His mother Radha Desai said, “The way the project was canceled just ahead of the Lok Sabha polls, it has created a doubt in our mind that it may still return at a later stage. It is possible that if the BJP returns to power, the project may also return. We don’t know why Fadnavis was so keen on this project. And when the project was proposed wasn’t it a Shiv Sena industries minister who had agreed to go ahead with it?”
The villagers have never fallen for the employment generation pitch that the BJP-led government in Maharashtra had made. “Every mango farmer who owns land that would have been project-affected, does very well for himself. Most mango farmers own hundreds of trees and they, in fact, employ several people from other states to work in their orchards. Nobody who lives here is in the need of employment,” said Samant.
“Don’t go by the way they dress. Each of these mango orchard owners makes about Rs 2 lakh to Rs 5 lakh in two months,” said Prabhakar Pujare from Chivarwadi.
The villagers say that their movement was never against development. Their peeve was mainly the ‘destruction of the environment’ allegedly under the garb of employment generation. “If you are going to destroy our trees, what is the meaning of calling it a green refinery? Why can’t you do that in industries allied to farming and fishing in this region?”said Radha Desai.
The concern over rise in temperatures in the vicinity of an oil refinery and its effect on mango production also had the villagers worried.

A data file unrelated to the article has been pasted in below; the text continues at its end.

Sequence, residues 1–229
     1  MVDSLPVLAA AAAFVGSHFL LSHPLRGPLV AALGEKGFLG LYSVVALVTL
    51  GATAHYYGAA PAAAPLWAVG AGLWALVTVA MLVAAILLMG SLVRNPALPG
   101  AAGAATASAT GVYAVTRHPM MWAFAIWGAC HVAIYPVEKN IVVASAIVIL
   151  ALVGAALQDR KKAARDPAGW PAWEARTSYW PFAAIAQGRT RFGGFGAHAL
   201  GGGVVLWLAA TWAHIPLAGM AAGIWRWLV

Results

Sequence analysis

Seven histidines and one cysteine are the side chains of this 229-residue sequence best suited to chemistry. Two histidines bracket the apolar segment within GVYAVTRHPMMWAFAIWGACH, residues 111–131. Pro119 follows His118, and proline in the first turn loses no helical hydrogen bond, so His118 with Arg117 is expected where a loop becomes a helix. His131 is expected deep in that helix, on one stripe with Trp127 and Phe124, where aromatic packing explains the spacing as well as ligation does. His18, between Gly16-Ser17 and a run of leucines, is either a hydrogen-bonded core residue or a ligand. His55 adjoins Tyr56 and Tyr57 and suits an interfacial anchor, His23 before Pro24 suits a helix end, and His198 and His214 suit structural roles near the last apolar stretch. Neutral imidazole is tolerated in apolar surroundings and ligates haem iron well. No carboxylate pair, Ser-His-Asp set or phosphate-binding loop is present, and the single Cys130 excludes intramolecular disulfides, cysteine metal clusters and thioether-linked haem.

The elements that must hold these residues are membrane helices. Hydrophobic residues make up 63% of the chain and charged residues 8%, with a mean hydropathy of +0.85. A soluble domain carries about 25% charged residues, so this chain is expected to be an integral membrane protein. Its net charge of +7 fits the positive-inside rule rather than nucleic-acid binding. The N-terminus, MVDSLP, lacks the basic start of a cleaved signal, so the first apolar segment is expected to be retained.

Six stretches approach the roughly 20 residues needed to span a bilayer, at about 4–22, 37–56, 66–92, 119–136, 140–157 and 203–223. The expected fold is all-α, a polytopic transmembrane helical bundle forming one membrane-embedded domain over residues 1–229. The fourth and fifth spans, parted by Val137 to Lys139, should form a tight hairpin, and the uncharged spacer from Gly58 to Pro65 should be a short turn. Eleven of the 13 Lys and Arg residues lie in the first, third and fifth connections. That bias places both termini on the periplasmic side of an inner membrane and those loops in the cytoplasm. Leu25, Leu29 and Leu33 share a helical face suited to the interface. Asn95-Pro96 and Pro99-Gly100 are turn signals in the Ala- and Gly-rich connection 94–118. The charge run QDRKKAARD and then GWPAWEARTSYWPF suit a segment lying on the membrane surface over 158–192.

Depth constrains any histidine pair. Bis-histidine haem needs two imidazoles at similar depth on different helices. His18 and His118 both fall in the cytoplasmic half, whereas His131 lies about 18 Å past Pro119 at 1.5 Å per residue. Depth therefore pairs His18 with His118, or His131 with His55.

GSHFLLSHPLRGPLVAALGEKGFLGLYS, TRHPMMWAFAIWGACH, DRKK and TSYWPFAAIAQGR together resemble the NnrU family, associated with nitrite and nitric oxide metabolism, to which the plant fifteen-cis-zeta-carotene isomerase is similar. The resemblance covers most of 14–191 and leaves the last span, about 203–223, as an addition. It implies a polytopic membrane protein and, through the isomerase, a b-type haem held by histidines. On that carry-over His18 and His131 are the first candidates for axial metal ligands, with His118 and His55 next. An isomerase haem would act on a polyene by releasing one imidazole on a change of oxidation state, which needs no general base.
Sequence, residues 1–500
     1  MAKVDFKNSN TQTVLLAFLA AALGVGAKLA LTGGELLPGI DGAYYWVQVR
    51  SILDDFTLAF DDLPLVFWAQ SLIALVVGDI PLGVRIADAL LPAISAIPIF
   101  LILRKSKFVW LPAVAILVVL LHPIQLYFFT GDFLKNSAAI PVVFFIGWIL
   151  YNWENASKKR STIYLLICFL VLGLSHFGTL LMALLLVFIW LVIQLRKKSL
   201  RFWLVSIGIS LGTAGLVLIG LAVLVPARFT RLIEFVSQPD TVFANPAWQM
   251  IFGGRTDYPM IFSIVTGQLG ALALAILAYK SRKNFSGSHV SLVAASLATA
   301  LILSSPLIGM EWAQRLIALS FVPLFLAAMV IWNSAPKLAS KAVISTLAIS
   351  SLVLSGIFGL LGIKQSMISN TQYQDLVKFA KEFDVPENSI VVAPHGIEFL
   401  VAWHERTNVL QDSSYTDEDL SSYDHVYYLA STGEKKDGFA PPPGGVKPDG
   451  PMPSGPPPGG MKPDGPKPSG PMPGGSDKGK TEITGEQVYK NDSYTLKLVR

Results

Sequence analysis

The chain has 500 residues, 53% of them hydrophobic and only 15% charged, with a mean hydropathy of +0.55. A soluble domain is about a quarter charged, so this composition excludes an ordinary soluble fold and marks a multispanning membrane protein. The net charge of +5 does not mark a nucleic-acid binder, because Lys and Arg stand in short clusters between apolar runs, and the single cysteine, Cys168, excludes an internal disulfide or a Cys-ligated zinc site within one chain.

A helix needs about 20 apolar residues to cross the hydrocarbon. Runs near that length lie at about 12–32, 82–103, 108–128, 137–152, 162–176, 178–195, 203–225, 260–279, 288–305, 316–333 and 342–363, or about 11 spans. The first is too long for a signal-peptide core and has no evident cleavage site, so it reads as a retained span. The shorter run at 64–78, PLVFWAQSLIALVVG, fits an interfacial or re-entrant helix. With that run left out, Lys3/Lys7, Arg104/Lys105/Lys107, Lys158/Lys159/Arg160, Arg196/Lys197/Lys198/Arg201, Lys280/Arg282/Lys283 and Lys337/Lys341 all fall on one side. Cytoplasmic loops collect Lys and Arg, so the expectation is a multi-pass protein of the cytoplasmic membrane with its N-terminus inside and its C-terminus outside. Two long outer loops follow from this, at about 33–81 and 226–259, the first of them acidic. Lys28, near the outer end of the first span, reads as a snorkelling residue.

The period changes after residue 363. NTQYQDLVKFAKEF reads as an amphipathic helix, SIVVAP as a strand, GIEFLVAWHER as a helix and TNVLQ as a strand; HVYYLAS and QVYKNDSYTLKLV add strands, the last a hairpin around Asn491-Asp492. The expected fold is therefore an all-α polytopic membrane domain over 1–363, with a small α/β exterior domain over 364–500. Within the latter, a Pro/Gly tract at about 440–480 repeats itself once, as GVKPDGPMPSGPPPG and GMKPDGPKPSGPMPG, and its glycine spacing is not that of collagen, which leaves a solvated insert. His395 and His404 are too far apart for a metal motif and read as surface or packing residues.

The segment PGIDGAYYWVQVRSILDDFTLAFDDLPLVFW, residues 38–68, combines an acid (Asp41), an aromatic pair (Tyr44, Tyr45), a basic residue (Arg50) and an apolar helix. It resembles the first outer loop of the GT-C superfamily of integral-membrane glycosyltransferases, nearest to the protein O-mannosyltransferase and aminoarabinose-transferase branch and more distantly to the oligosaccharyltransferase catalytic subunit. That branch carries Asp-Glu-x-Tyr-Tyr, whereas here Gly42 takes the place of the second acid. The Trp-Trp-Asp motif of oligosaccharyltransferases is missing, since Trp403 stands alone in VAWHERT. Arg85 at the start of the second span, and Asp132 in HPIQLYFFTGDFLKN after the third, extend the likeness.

As the aroma of freshly plucked mangoes being packed into boxes for sale filled his home, Samant explained, “Mangoes are very sensitive to temperature. Anything above 35 degree Celsius, and the fruit quality will start taking a hit.”
Sakharkhar sums it up. “We are satisfied that the project has been canceled but we are still alert. We are watching the movements in government offices and if we have to fight again, we are fully prepared for it.”
Samant, however, feels that it is time to close this chapter. “After our next meeting, we will dissolve the Refinery Virodhi Shetkari-Machchimar Sangathana.”
The axed project
The Centre and the Maharashtra government had approved the proposal to build the refinery in December 2015. The project was expected to attract long-term investments worth Rs 3 lakh crore and generate one lakh jobs. On June 25, 2018 an Indian consortium of Indian Oil Corporation, Bharat Petroleum Corporation and Hindustan Petroleum Corporation signed an MoU with Saudi Aramco — a Saudi Arabian petroleum and natural gas company — to jointly develop and build an integrated refinery and petro-chemical complex, Ratnagiri Refinery and Petrochemicals Ltd, in Maharashtra.
Fourteen villages in Ratnagiri and two in Sindhudurg had been identified for the project. They included Nanar, Sagwe, Taral, Karsinghewadi, Vadapalle, Villye, Palekarwadi, Katradevi, Karvine, Chowke, Upade, Padwe, Sakhar, Gothiware, Girye and Rameshwar. The total land required for the project from these 17 villages was 14,675 acres (5,870 hectares). Out of this, the government land, which would be acquired, is only 126 acres (52 hectares).